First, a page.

Here is another example. When I got my first computer in 2002 I installed Microsoft Office on it. I was fascinated with the software. So many buttons, tons of functionality. When new Office came out in 2003 I investigated all the new options and was impressed with the new UI paradigm. It was so interesting to me. But guess what, I rarely wrote anything in the MS Word. Maybe occasional report for school and university. I spent time playing with features instead of writing. Complex tools distract us. They create an create an illusion of work. Playing with UI of the tool is not work - thinking, writing, synthesizing, generating, calculating - that is the work.
When Notion came out I did the same mistake again. I played with its database, explored features. But I never were able to create anything there.
At this stage of my life I want simpler tools, with less distractions. So that I can do the work - capture my thoughts.
I you have opportunity to choose the tool - choose the one that works offline by default. With no Internet connection. Most of Apple products are like that. Photos, Calendar, Mail, Notes. Write your notes on any devices - Mac, iPad or iPhone. They will be synchronized automatically when you are back online.
Notion also can work if you use Mac app, but it was designed as the afterthought, and it was never the foundational principle. Local-first software is a thing.
Native apps and mobile
I’m a big fan of web. It’s amazing. But it’s especially great for web sites - the thing to read and consume. It’s ok with web apps (it worked for Figma after all), but it wasn’t designed for that originally and it takes many years to make Web a great platform for apps.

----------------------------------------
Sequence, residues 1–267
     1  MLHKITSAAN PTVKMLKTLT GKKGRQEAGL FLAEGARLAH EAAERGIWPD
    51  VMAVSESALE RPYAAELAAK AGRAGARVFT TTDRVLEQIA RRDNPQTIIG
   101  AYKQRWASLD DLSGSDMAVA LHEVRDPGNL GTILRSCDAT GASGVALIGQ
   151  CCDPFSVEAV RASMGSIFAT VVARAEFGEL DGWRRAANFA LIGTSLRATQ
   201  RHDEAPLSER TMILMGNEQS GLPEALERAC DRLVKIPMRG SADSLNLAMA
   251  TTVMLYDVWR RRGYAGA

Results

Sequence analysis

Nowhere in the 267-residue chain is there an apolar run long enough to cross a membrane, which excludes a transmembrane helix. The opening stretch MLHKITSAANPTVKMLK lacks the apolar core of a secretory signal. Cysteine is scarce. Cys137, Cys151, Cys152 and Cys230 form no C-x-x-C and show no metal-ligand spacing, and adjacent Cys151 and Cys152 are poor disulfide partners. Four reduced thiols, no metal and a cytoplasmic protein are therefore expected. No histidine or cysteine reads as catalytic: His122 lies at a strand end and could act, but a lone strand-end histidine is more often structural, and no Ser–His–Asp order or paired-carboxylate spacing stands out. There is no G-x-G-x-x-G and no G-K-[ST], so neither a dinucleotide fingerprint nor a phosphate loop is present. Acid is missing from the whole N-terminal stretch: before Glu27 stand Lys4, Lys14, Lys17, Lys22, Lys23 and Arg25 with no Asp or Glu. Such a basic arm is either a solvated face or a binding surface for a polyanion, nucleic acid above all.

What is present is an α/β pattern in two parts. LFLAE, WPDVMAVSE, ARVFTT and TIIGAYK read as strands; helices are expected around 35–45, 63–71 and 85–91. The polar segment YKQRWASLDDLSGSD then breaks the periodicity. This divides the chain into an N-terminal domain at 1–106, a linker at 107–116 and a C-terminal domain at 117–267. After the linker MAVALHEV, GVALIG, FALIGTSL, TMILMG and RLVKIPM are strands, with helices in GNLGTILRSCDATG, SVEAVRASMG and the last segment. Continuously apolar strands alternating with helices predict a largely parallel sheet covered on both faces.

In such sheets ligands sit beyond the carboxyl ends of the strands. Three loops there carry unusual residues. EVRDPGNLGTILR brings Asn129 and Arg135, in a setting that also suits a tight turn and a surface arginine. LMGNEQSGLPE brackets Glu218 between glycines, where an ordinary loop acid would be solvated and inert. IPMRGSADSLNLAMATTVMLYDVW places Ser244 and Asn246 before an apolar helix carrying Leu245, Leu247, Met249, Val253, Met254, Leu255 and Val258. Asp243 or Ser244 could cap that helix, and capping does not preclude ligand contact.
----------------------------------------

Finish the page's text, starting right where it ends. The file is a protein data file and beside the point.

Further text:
If you have ability to choose app that has native clients - do that. Those apps will have higher chance to work faster. And they will have extra bonuses (on top of being able to work offline) - like integration of natives features from each respective operating system (drag and drop, native share wishes, native copy and paste, integration with filesystem, integration with other installed apps).
Pricing and limits
Notion (on a free plan) currently limits you by the size of file uploads (and it used to limit users by the number of blocks). Currently that limit is 5MB. This is common for web based services.
Apple Notes is free. And it has no such limits. You are only limited by the number of disc space you have - which is usually way more than 5MB (and technically by the iCloud space available to you, which is also higher than 5MB).
Many online services are getting bought by bigger companies. See the history of Figma, Slack, Heroku, Quip. The outcomes of such acquisitions are usually unpredictable, but I think they usually involve price increase, decrease in the speed of the development and reduced stability (because original team leaves the product within 4 years of acquisition).
Apple Notes is one of the core apps in the Apple ecosystem. Of course Apple cannot match the speed of development from the startup that only has one product to work on. But it is still updated quite regularly and new features are added all the time.
I think the risks of using Apple Notes are lower in this regard. It’s hard to imagine Apple starting to charge for Apple Notes or abandoning it all together.
Overall, pick any tool that you want. They would all work ok for you and it’s not that hard to migrate between them. For me it’s important right now to pick 1) simpler tool 2) that costs less money and to make sure that my decision is not driven by hype and marketing.